Lucian Bute Escapes with a Unanimous Decision Win Against Denis Grachev

Zachary Alapi@@ZacharyAlapiCorrespondent INovember 4, 2012

NOTTINGHAM, ENGLAND - MAY 26:  Carl Froch (L) in action with Lucian Bute during their IBF World Super Middleweight Title bout at Nottingham Capital FM Arena on May 26, 2012 in Nottingham, England.  (Photo by Scott Heavey/Getty Images)
Scott Heavey/Getty Images

When Lucian Bute left the comfort of Montreal's Bell Centre and ventured to Nottingham to defend his IBF super middleweight title against Carl Froch, the fight figured to be a highly competitive bout against two of the world's best 168-pound boxers.

In getting stopped inside of five rounds and losing his title to Froch, Bute's run of nine title defenses, to many, had been exposed as the product of bludgeoning underwhelming title challengers. Well, now Bute will officially get the chance to refute his detractors.

Bute (31-1, 24 KO) won a close, grueling fight over Denis Grachev via scores of 115-113, 118-110 and 116-112. Grachev (12-1-1, 8 KO), understandably, seemed disappointed after the fight, and the score of 118-110 seemed ridiculous as several rounds were hotly contested.

Now, Bute winning isn't unreasonable, but a case can be made for Grachev, and regardless of how one scored the fight, it was certainly close.

Bute started the bout with nervous energy, darting in and out as he looked to land his straight left hand and trademark counter left uppercut. Grachev, whose punching has become markedly more controlled and precise, was surprisingly on his back foot early in the fight.

This, however, would quickly change. Despite a clash of heads in Round 2. Bute boxed well early, but Grachev soon began to impose himself as he repeatedly backed Bute up against the ropes, throwing to both the head and body. While several of his punches did not land flush, he did connect with hard, straight right hands throughout the fight.

Bute did better later in the fight, especially during the championship rounds. If Grachev appeared more active, Bute landed the harder single shots, though his inability to consistently find adequate punching range or unload with eye-catching combinations was alarming.

The 12th round might have been Bute's best as he landed clean shots, controlled the center of the ring and made Grachev miss somewhat wildly. While Bute stunned Grachev a few times throughout the fight (usually with uppercuts), Grachev also had Bute hurt and in retreat in the fifth round.

So, how does this performance bode for Bute's rematch against Carl Froch?

Well, let's just say that it doesn't inspire an abundance of confidence. Grachev is a tough, solid fighter, but Bute allowed himself to be backed up against the ropes almost at will, and he certainly was hittable. It seemed plausible that Bute would outbox Grachev, but this proved far more difficult than most fans and pundits might have expected.

If Bute can't stay off the ropes, control range with his jab and press forward with effective offense, Froch will steamroll him again. Granted, Bute did just go 12 hard rounds against a good opponent, but how will he fare against Froch, a man who punches harder and is more naturally gifted than Grachev?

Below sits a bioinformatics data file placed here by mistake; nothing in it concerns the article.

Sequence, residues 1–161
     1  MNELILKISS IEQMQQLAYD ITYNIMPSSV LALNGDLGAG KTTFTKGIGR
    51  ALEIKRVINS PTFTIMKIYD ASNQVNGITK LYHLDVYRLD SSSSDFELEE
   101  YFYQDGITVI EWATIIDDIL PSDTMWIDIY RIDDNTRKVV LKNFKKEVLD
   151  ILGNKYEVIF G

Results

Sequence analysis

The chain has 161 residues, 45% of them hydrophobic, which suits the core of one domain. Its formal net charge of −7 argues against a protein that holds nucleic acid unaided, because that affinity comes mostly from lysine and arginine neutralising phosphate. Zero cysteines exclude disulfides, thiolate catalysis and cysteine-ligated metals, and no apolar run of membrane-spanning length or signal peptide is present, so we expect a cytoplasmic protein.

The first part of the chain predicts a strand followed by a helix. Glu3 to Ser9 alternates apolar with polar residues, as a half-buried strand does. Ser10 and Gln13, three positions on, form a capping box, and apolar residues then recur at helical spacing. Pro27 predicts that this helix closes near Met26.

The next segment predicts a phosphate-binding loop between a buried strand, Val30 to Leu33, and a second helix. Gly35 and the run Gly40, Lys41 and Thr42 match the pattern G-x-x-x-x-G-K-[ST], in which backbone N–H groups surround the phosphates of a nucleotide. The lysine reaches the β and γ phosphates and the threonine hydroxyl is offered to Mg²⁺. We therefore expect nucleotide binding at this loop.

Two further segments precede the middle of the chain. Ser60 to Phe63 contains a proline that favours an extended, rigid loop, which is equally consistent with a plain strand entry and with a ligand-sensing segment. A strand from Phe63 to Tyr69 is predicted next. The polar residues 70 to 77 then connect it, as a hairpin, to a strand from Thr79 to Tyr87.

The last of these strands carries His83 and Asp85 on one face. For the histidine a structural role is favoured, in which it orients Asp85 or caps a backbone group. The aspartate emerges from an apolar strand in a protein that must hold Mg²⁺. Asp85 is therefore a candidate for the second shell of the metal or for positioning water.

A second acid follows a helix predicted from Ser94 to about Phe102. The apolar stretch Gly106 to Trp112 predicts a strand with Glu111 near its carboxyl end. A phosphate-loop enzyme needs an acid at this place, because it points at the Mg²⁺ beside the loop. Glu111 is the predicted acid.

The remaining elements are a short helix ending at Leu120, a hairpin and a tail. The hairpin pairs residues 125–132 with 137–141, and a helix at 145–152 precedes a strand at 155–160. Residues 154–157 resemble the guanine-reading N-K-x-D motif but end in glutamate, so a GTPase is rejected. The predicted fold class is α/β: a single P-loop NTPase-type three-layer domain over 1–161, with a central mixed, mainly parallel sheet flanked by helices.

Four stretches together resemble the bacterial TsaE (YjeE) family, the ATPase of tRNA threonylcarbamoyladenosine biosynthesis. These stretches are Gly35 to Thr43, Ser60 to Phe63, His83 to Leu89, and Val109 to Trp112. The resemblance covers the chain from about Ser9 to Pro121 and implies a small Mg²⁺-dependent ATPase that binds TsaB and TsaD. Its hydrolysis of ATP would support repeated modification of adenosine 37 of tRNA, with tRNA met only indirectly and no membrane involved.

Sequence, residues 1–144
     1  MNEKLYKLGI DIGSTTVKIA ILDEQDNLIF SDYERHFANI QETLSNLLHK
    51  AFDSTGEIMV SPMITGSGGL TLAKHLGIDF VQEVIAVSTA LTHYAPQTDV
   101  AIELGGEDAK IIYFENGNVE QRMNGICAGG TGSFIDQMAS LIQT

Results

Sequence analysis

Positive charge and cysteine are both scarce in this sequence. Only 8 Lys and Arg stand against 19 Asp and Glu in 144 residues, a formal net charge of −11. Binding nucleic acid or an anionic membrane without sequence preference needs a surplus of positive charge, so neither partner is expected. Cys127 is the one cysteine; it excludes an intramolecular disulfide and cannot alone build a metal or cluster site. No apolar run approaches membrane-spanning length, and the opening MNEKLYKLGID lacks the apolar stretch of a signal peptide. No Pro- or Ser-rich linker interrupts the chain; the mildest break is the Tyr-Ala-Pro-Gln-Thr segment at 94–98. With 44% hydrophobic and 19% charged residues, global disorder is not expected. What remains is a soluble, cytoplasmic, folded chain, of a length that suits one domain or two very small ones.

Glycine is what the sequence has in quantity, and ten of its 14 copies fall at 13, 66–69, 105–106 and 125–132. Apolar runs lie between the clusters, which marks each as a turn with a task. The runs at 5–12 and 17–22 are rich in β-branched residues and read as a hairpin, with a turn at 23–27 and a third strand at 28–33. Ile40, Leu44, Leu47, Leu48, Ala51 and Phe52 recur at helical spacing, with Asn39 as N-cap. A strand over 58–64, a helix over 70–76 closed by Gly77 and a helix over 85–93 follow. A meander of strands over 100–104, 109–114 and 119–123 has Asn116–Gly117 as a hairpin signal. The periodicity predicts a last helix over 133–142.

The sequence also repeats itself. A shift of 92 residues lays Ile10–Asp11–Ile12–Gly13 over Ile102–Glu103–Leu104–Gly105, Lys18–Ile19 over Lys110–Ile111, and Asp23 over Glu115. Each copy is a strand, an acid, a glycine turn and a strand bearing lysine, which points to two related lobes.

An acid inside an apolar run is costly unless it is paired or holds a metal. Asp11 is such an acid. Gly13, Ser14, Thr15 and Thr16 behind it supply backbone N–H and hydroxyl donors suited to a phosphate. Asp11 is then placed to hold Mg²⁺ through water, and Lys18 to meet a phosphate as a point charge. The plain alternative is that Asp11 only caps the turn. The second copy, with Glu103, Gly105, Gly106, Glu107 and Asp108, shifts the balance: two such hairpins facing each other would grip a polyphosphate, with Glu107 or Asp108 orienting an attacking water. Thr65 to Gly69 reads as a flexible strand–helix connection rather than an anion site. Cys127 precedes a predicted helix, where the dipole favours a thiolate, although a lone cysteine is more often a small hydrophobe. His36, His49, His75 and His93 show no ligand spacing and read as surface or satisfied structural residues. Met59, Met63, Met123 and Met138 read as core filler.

Grachev performed well and should find himself in another notable fight soon. As for Bute, he technically did his part and still has to be considered a very good fighter. That said, if Froch destroys Yusaf Mack, how much excitement will there be for Froch-Bute II?

In the chief supporting bout, Allan Green, who was coming off of a devastating fourth-round KO loss to Mikkel Kessler, stopped Renan St. Juste after seven rounds. St. Juste (23-4-1, 15 KO), who didn't answer the bell for Round 8, did register a knockdown of Green (32-4, 22 KO) in Round 4 but was unable to score a stoppage.

Other than suffering a knockdown, Green repeatedly backed St. Juste up and scored well with his jab and a variety of combinations. The sixth stanza was particularly wild as Green pinned St. Juste on the ropes, only to be hurt in return before rallying strong to close the round.

This is a decent bounce-back win for Green, though his punch resistance still seems somewhat suspect. Where Green goes from here appears uncertain, and he might have to settle for being an "opponent" and hope to score an upset victory if he expects to get back into the title mix. At this stage, every bout Green contests is a crossroads fight. 

Also of note on the undercard was the sensational one-punch knockout Canadian prospect Mikael Zewski scored over Cesar Chavez. Zewski (17-0, 13 KO), who first signed with Golden Boy Promotions only to end up with promotional rival Top Rank, is managed by Cameron Dunkin and appears to be Canada's top boxing prospect.

Against Chavez (20-3, 9 KO), Zewski controlled range with his jab, ending the brief encounter by scoring with a left hook in retreat, which was followed by a devastating counter right uppercut that appeared to break Chavez's nose and floored him for the count. What was particularly impressive about the knockout blow was Zewski's footwork and leverage; he is certainly a prospect worth following.